The Coptic District
We decided to visit the Coptic district, which is the oldest part of Cairo. The car dropped us near the ancient city wall, and we followed the crowds, walking along the street to where there were steps going down, and signs directing us to various places. There was no big sign saying This way to the Coptic district so we were a little unsure where to go—usually we avoid underground passages in unfamiliar cities—but we walked down the steps.
There was a short tunnel, under the old city wall, and then we were in a narrow lane, the walls lined with books for sale. It was very unexpected! Tour groups and local people all seemed to be walking in the same direction, so we followed the crowd, round a corner, to a junction with signs on walls and archways in the wall. It was too busy to check our map, but I remembered we planned to see the Church of St. Sergius and Bacchus so we followed the sign for that. It all felt rather disorientating to be honest, and I was disappointed because I knew there were several places I hoped to visit but I was beginning to think it would be too difficult to find them.
The church was built in the 11th century, in honour of Sergus and Baccus, a couple of Roman soldiers who were martyred for being Christians. I had read that under the church is a cave, where it is believed Mary and Joseph lived when they ran to Egypt with baby Jesus, to escape King Herod. Several places in Egypt claim to have been visited by the holy family during their time here, which I guess makes for good tourism, but it’s easy to mock—and who knows? They must have lived somewhere and maybe afterwards they told people, and it was remembered.
We found a sign to the cave, and went down some steps, to the area below the church. Much of the Coptic area has stuff below it, because it was built on top of a Roman city. We were in a long line of tourists visiting the cave, so there was no great atmosphere to it, and it was hard to imagine how it might have been, with a young couple and a baby sheltering there.
The church itself was very glitzy, with lots of icons, gilt and tourists. Places like that don’t inspire me to pray, I find it hard to discover God under all the religion, but I guess people are different. To be honest, I found the mosques, with their ornate outsides and big empty interiors to be much better at inducing thoughts of God and prayer. I feel there must be a balance, something between the plain ugliness of a Baptist church and the distracting gloss of a high church. Somewhere special, but that doesn’t distract away from God.
Anyway, next we went to the Coptic Museum (because the Ben Ezra Synagogue, which I really wanted to see, was closed for renovations). We wandered into a private area by mistake, and were stopped by a friendly smiling man who turned out to be head of security. People in Egypt were always friendly. After being pointed in the right direction, we went to see the Nag Hammadi manuscripts (which are the source for Gnosticism—the belief that spirit is entirely separate to anything physical, and that Jesus was spirit, not physical). They also have the oldest surviving copy of the Psalms of David, but that was being restored so we couldn’t see it. We did see some very cool examples of early letters, written on pottery, in ancient Greek. (The museum also has very clean public toilets, if you’re interested.)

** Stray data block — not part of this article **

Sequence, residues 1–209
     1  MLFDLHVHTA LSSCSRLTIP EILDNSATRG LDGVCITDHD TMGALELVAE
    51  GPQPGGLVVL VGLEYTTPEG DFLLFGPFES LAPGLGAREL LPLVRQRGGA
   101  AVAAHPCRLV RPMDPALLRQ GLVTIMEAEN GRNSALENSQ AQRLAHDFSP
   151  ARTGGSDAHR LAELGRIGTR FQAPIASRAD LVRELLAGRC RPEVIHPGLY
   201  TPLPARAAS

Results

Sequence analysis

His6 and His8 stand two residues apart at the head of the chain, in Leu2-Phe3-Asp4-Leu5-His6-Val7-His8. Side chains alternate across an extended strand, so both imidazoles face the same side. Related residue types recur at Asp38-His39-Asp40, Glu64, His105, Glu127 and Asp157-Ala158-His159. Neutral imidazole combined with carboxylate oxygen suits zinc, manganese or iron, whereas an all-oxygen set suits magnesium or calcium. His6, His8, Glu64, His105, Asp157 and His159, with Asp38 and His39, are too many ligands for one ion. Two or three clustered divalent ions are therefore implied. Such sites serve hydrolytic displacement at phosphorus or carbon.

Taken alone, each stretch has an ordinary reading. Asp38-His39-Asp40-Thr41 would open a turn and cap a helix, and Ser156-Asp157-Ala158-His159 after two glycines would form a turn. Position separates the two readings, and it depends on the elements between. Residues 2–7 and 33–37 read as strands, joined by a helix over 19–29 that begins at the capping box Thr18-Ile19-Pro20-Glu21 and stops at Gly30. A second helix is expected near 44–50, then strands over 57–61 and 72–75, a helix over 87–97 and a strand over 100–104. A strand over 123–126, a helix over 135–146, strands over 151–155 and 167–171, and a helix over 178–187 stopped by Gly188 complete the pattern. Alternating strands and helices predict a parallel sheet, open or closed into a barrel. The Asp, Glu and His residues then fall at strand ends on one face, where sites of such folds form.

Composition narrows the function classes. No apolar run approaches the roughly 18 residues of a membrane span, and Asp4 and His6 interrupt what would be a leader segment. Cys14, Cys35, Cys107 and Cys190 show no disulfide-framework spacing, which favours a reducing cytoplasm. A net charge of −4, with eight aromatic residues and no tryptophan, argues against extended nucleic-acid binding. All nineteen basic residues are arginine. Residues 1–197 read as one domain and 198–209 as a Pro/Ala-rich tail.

Finally, we visited the Hanging Church or Al Kineesa Al Mu’allaqa. It has a barrel-shaped ceiling, and white pillars that represent the 12 disciples, with a black one for Judas. Again, there were lots of icons, and gilt, and red bricks, and tourists. Part of the floor was glass, so you could peer down at the Roman towers below. (Which actually makes it less of a ‘hanging’ church and more of a ‘suspended’ one.)
We walked back to the hotel along busy roads. It was more of a slog than yesterday, and I found the constant honking of horns, the music of Cairo, to be very draining. We saw more poor people begging this time, including a young boy. I am uneasy refusing children, but I had no food to give him and money would possibly end up with the wrong person—so I told him no, and then felt guilty for the rest of the holiday and carried packets of Hulahoops everywhere in the hope I would see him again (but I never did).
At one point the road was very crowded with men, all waiting outside the Kuwait embassy. They queue there to apply for visas so they can go to work in Kuwait. It rained, quite heavily at one point, which I think is very rare here. Fingers up noses and men peeing behind parked cars seem to be a thing here. But mostly, I am interested by how friendly everyone is, how children smile and say hello, and people wave at us from buses, and greet us when we pass.
Later, there was a thunderstorm, and more rain. We watched from the balcony as big puddles formed on the roads. An unusual sight in Cairo. Thanks for reading. Hope you have a good day. Take care.
Love, Anne x
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Good to read of a true account of tourists in Egypt. . .